Maybe it’s because this trip put some distance between me and what I’d been experiencing since September 2013.  Somewhere in that month, I started a battle with a nasty virus that would lead me through sinus infections, bronchitis, pneumonia, an immune system crash, etc.  It would lead to round after round of antibiotics and steroids.  Ultimately, I had sinus surgery.  To say the least, it was a very trying period of my life.

Maybe it was just that I was now in a situation where I had experienced some serious God moments (God-incidences — not coincidences!).  Something in me was already opening up for this.

But it happened one day in quiet time.

I kept coming back to a variation of a quote.  “The church doesn’t need a mission.  The church is the mission.”  It’s been said so many times and attributed to so many people that I have no clue who to credit it too.  Another way of saying it is, “The church doesn’t need a mission.  God’s mission has a church.”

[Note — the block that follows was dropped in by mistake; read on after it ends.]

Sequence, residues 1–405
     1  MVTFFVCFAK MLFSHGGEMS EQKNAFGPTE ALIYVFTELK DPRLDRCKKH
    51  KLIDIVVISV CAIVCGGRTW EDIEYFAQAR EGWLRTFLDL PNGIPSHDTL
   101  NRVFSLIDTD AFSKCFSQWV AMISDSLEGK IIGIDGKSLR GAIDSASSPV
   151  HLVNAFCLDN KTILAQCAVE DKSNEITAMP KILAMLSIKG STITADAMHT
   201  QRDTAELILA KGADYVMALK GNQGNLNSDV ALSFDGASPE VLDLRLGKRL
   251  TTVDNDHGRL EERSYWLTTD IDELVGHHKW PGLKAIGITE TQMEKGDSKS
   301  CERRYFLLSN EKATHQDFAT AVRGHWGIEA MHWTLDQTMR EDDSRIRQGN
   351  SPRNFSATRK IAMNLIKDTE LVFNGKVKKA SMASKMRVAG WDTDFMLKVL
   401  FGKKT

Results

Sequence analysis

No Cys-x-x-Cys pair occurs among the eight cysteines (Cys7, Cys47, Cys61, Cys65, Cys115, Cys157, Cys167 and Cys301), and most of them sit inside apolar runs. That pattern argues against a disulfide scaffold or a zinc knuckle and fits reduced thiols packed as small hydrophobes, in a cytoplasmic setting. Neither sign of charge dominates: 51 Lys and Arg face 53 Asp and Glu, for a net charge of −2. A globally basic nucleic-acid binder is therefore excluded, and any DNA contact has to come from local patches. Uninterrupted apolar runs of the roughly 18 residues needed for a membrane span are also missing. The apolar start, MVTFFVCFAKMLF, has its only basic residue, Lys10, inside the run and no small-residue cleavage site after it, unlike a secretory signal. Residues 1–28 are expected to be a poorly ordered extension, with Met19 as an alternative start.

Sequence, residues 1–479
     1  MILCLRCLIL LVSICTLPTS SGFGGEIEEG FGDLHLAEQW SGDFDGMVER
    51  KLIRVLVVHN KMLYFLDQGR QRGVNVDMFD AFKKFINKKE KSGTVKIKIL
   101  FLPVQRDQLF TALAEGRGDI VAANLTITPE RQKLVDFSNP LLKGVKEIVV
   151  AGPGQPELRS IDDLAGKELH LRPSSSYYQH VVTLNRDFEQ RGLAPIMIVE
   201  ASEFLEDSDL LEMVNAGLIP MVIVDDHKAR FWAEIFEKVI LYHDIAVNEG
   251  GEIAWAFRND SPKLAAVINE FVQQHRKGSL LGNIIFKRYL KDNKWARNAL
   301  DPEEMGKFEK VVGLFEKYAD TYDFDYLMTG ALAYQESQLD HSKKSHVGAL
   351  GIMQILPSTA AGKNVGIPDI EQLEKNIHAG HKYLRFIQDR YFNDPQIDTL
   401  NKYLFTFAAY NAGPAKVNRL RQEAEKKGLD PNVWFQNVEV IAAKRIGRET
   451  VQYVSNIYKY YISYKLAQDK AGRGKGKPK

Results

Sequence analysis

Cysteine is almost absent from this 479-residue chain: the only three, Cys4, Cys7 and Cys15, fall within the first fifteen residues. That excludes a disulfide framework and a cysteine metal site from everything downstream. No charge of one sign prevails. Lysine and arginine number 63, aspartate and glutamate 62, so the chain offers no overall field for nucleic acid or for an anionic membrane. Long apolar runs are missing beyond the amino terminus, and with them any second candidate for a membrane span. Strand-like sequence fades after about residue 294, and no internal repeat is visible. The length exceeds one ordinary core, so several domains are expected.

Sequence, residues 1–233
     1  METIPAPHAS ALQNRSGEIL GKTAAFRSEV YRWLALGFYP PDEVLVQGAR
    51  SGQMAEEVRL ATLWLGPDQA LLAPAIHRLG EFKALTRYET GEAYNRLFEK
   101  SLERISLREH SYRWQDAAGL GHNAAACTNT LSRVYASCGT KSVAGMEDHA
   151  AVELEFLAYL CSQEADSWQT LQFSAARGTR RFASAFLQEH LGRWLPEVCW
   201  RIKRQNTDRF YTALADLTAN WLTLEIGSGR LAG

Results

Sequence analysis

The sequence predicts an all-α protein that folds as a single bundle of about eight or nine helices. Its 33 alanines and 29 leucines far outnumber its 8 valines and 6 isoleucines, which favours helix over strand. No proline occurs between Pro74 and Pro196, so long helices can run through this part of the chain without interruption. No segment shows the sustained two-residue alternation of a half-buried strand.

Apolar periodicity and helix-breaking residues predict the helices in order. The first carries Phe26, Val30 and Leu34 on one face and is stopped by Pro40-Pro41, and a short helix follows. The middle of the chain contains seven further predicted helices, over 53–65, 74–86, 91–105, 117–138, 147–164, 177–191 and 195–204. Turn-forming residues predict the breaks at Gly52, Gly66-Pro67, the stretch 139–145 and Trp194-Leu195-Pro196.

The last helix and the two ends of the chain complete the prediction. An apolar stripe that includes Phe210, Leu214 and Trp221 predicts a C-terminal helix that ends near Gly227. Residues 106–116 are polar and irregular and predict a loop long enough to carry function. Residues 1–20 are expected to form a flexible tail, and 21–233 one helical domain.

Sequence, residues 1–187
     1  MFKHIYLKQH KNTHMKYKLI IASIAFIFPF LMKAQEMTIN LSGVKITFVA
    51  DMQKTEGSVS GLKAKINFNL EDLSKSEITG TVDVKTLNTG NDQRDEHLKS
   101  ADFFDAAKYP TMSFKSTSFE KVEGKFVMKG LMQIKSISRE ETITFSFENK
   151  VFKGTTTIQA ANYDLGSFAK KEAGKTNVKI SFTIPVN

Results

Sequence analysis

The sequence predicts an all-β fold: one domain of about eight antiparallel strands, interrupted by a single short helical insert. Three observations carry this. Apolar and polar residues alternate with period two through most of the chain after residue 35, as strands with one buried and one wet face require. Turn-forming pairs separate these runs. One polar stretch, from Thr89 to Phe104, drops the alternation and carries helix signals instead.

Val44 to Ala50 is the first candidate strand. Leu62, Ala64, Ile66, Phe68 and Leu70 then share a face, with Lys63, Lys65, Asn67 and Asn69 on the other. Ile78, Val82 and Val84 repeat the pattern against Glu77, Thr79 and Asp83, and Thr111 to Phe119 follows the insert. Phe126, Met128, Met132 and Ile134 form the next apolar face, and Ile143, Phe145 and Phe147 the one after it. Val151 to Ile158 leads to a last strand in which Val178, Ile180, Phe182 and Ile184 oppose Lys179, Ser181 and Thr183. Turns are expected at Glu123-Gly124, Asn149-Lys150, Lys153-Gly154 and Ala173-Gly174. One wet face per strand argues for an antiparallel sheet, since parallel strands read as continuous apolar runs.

But, there it was, in my head, and it started an inner conversation. In the situation that I found myself, how could we find a way to reach others for Christ?

We had been doing that through personal evangelism and meetings with those in the community in Santiago.  We did that through Vacation Bible School.  We were spending time together in worship and we were having some very profound moments of spending time with God.

But, something was tugging me in a different way.

It’s when I kept going back and saying that quote over and over again.  Then, it stuck, “The church is the mission.”

During the time that we had been in Santiago, the church (translated Eternal King Congregation) had hosted us, they had worshipped with us.  They were the site of the Vacation Bible School.  Maybe there was a way, in our role as missionaries, to come alongside this church and give them an opportunity to reach those in their community.